Course of Business Defense Path to Preference Dismissal
November 19, 2012
Publication| Bankruptcy & Corporate Restructuring
In Gellert v. Coltec Indus., Inc., the Delaware Bankruptcy Court held that the ordinary course of business defense under 11 U.S.C. § 547(c)(2)(A) can be applied on a motion to dismiss, and that a transfer cannot be constructively fraudulent when payment of the transfer resulted in a dollar-for-dollar satisfaction of an antecedent debt.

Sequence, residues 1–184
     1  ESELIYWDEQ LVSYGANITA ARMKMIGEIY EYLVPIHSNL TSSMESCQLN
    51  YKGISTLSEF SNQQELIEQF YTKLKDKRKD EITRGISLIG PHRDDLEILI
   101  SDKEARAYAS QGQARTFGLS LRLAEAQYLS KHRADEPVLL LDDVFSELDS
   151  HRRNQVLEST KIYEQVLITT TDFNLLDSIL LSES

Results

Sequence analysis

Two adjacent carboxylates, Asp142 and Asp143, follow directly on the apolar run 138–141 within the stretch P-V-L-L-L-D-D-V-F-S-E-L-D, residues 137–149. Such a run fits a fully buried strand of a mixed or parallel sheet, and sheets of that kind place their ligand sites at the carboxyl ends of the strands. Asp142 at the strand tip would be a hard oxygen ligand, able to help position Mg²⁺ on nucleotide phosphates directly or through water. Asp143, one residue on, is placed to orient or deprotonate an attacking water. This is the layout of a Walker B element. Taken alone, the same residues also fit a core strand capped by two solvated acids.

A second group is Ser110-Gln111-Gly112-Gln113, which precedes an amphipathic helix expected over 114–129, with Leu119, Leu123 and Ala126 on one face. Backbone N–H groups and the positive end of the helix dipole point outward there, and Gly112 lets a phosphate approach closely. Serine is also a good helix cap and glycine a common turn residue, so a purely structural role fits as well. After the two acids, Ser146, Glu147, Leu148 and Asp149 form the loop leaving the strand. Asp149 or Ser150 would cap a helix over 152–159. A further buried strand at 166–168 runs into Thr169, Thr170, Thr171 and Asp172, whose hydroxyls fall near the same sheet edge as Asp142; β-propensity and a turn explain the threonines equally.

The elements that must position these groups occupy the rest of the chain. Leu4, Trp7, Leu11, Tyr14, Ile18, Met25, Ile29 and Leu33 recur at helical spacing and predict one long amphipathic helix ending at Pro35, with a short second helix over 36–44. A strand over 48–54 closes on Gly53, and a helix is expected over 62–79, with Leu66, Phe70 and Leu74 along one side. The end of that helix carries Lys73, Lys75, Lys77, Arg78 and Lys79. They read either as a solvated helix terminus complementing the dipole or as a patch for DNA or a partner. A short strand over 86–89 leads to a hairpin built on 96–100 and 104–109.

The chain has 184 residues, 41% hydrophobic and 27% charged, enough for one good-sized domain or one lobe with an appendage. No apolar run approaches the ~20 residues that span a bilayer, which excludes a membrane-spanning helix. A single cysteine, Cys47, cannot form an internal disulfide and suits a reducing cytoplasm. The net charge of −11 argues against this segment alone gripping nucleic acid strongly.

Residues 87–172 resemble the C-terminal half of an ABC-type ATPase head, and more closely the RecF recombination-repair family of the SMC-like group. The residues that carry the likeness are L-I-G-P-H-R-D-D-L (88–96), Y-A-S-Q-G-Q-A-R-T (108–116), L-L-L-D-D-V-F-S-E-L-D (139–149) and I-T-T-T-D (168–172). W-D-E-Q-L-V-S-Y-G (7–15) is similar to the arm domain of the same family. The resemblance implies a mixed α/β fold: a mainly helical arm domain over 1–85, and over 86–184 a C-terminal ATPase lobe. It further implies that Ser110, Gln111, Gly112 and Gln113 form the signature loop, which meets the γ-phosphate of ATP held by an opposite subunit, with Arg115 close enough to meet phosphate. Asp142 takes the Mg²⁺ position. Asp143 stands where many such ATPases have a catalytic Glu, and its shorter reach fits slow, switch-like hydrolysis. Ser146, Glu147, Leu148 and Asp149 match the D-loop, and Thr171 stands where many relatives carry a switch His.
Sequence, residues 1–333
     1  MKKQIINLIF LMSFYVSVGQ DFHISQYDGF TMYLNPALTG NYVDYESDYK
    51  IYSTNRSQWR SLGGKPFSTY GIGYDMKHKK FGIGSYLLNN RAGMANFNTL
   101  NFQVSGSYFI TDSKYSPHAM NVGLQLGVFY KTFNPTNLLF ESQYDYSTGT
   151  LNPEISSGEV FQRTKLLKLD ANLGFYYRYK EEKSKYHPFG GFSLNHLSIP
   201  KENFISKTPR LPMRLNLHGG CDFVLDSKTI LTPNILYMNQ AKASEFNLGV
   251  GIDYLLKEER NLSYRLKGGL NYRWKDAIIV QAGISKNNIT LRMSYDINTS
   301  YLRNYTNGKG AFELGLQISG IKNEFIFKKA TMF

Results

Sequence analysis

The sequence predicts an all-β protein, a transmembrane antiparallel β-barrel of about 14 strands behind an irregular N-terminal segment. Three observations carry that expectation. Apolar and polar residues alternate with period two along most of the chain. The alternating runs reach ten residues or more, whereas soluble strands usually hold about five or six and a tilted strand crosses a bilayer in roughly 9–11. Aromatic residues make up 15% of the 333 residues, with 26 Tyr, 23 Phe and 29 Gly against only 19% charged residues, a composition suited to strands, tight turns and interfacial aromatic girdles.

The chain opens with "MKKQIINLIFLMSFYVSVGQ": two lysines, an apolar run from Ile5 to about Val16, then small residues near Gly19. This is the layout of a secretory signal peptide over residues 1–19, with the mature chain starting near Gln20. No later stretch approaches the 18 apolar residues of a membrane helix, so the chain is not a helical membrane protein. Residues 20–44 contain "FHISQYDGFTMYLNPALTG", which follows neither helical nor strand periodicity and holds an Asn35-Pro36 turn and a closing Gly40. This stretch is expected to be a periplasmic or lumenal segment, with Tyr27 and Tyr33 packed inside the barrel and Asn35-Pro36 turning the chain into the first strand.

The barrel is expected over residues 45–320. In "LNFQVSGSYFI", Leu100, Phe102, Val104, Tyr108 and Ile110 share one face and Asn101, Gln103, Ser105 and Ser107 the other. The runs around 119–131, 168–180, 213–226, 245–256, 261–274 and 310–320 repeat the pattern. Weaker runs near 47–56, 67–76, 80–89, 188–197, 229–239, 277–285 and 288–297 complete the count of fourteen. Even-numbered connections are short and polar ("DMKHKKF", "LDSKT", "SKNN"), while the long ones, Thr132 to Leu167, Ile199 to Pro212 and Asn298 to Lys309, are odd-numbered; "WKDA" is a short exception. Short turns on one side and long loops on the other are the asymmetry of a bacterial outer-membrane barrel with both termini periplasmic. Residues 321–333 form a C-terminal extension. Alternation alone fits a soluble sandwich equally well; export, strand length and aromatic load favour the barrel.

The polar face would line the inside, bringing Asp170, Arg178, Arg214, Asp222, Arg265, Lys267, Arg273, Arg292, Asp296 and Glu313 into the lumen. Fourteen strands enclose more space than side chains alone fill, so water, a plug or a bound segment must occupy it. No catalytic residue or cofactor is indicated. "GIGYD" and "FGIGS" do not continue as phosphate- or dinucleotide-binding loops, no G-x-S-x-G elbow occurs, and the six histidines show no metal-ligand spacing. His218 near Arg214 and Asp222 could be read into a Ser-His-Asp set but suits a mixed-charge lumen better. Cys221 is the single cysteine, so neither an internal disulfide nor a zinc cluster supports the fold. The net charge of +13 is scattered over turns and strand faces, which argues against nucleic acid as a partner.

Crucible Materials Corporation was obligated under a project financing lease to pay periodic interest on bonds and purchase the project for the outstanding full principal amount of the bonds at maturity. Defendant Coltec Industries, Inc.—Crucible’s former parent company—was a guarantor under the bonds. Crucible made payments on the bonds pursuant to its financing agreement for many years prior to its bankruptcy filing. In bankruptcy, the underlying project was sold and Crucible was required to pay off the bonds in full. The liquidating trustee later brought an action against Coltec seeking, among other things, to avoid and recover a periodic interest payment as preferential and to avoid payments made under the financing lease in the two years prior to Crucible’s bankruptcy as constructively fraudulent, under the theory that Coltec was the party for whom the transfers had been made or that the transfers were made for its benefit.